Joseph Millson, Laura Donnelly, David Annen, Suzanne Burden, Patrick Drury, Ben Fox, Tom Georgeson, Daniel Hawksford, jack James, Jack Nightingale, Julie Riley, Andy Williams, Sarah Woodward
A product of the Austro-Hungarian Empire which came to an end in 1918, dn von Horvth became one of the most incisive critics of the post-war rise of Nazism within Germany itself.
Though he was only 37 when he was killed by a branch falling from a tree in Paris in 1938, his plays and novels are marked by a disturbingly prescient feeling for the horrors ahead.
Far less well known in this country than his contemporary Bertolt Brecht, whose expressionist theatre revolves around didactic Marxist certainties, Horvths approach to politics was less directly confrontational and more concerned with murky moral ambiguities.
His powerfully satirical plays, with their subtle dissection of the dark side of human nature, especially his masterpiece Tales from the Vienna Woods, deserve to be staged here more often.
Horvth has long been championed by Christopher Hampton, who has not only adapted three of his plays before but also made him the main character of his own play Tales from Hollywood. Astonishingly, Hamptons splendid version of Judgment Day is the first major production of Horvths play since Stephen Daldry directed its British premiere 20 years ago on the fringe.
The drama focuses on the dire consequences of an unprecedented mistake by small-town stationmaster Thomas Hudetz, while being distracted by the local innkeepers daughter Anna kissing him, which leads to a train crash with 18 fatalities and many injured.
In the subsequent court case, she lies to save them both, and despite Hudetzs jealous wife reporting that she saw what happened, he is cleared and welcomed back to the town as a hero while Frau Hudetz becomes a pariah. However, the suppression of their guilty secret which binds them together has a corroding impact on Hudetz and Anna, leading to further fateful actions with a wider impact on the community itself.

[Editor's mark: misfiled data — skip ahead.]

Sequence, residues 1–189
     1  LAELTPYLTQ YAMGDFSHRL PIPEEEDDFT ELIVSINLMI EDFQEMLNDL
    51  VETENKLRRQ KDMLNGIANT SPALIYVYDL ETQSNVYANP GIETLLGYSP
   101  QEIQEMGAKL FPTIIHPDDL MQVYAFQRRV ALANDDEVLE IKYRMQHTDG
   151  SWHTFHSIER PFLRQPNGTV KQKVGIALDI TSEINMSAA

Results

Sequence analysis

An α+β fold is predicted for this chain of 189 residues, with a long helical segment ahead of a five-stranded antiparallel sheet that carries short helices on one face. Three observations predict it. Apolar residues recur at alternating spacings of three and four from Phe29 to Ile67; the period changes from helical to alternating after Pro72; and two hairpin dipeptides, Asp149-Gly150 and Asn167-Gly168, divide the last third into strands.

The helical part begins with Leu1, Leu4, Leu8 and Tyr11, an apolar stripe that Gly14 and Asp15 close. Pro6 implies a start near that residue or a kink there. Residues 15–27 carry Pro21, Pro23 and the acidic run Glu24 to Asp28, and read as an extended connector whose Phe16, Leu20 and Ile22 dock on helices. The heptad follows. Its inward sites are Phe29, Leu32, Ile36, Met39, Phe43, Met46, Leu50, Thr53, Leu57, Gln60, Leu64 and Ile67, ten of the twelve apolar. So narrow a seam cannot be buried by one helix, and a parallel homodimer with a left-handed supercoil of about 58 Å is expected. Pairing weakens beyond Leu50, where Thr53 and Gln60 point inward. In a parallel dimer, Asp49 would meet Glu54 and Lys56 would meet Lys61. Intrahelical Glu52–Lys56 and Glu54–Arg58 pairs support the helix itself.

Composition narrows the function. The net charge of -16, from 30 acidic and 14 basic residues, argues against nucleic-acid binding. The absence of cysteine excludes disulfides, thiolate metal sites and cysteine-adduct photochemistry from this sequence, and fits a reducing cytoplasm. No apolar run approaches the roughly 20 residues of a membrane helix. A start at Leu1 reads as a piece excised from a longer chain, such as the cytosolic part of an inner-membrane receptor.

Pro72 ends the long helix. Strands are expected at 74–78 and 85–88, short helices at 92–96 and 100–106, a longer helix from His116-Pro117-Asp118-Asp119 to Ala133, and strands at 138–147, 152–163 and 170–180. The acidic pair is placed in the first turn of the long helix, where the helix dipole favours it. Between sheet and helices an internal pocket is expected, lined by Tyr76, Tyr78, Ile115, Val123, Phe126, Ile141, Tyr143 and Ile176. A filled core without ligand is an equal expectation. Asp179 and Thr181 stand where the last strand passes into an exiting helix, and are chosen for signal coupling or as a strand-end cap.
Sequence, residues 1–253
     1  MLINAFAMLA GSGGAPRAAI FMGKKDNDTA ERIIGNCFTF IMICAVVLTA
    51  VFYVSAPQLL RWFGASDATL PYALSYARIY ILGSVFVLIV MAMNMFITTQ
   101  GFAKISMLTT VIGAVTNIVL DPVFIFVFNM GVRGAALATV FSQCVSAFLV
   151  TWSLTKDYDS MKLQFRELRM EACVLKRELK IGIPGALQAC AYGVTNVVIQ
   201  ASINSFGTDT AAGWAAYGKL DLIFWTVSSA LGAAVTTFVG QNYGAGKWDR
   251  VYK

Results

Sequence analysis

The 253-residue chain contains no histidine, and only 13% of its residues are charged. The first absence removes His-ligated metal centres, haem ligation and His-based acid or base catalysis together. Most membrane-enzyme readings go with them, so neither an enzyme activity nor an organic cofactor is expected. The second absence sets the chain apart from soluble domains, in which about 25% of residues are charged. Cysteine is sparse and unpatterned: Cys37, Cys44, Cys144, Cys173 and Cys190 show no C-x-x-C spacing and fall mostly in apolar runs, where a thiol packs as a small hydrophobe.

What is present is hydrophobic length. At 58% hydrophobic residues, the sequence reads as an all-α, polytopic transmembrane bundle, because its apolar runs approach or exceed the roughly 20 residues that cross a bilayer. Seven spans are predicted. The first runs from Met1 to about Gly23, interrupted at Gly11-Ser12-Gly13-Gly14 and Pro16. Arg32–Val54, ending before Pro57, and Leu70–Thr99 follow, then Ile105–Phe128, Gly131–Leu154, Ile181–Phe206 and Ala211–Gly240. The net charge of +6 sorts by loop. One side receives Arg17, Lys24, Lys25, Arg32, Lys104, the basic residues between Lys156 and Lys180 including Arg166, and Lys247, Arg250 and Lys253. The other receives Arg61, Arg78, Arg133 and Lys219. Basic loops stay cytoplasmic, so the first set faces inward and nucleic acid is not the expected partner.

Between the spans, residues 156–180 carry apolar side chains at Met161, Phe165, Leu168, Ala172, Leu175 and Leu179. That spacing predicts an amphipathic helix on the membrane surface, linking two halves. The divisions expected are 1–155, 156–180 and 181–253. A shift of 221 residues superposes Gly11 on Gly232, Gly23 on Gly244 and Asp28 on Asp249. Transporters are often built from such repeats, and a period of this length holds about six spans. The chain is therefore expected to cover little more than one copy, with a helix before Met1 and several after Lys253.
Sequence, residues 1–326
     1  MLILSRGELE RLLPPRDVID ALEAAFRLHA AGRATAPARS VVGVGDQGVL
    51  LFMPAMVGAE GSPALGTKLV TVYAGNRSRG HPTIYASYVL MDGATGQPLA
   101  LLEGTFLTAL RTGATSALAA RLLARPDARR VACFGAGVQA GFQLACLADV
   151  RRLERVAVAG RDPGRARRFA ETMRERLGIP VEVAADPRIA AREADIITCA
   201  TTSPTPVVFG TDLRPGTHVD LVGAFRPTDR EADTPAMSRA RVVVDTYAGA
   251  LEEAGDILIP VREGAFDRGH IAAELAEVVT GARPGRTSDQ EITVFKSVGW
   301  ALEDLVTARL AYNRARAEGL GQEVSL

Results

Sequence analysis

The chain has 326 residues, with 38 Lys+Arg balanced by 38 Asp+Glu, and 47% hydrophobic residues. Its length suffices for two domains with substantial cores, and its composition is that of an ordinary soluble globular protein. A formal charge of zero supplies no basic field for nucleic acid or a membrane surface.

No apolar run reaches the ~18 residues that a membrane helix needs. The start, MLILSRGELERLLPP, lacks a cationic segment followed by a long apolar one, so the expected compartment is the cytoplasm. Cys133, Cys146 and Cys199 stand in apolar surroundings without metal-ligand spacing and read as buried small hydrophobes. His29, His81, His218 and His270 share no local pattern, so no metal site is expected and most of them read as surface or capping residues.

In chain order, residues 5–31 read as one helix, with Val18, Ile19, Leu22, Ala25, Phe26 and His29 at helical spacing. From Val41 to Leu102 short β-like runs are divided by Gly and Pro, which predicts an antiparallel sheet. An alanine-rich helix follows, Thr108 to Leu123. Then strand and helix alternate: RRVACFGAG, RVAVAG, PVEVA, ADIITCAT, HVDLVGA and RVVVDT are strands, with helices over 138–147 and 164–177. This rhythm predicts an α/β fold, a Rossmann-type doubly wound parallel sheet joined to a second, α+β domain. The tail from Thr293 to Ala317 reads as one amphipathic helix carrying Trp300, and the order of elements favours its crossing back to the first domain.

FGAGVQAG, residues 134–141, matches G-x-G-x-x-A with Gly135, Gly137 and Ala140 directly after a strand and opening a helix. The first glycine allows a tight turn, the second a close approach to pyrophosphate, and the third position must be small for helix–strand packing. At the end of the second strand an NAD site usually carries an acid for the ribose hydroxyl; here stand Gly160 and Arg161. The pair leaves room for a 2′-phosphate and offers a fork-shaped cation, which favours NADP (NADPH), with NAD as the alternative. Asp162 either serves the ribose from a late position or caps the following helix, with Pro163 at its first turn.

Hampton has brilliantly conveyed Horvths concern with moral responsibility (both individual and collective), where refusal to accept ones own share of guilt and attempts to blame other people leads to social disaster. Covering up misdemeanours creates deep moral corruption which leads to further crimes, while pretending that we are innocent and that the potential for evil is just inside other people is a denial of our common humanity.
Although nothing is made explicit, it is clear that the unnamed town is representative of something very rotten in the state of Germany. The uniformed Hudetz excusing any personal accountability by saying Ive always followed orders and done my duty and the local people looking for scapegoats while following herd instinct have a huge historical resonance. When Judgment Day was first staged in 1937 the Nazi train was already hurtling along at full speed and catastrophe was only just down the line.
Director James Macdonald has created a tremendous ensemble production with a strong community feel, in which the mundane everyday routine of waiting on a station platform gives way to extraordinary tragedy, while gossip becomes slander and voyeurs turn into a lynch-mob. Miriam Buethers ingeniously flexible design features a moving platform which is used for the different town locations of train station, inn, pharmacy and railway viaduct, while also suggesting shifting perspectives of the people involved. The passing trains are atmospherically evoked by steam, as well as the lighting of Neil Austin and sound of Christopher Shutt, so that we almost feel the locomotive blast ourselves.
Leading a strong cast, Joseph Millson excels as the normally reliable Hudetz who goes seriously off the rails: at first polite and personable, his repressed guilt drives him to the edge of sanity, as he hopes for salvation from a higher judgment. Laura Donnelly impresses as the sensually flirtatious Anna, whose initial mischief leads to perjury, blackmail and worse. Suzanne Burdens Frau Hudetz is an insecure, vindictive woman, whose insufferable treatment of her younger husband is arguably the root cause of the tragedy. And David Annen is her brother Alfons, the only one who becomes aware of the moral complexities as he realizes that “Its all connected”.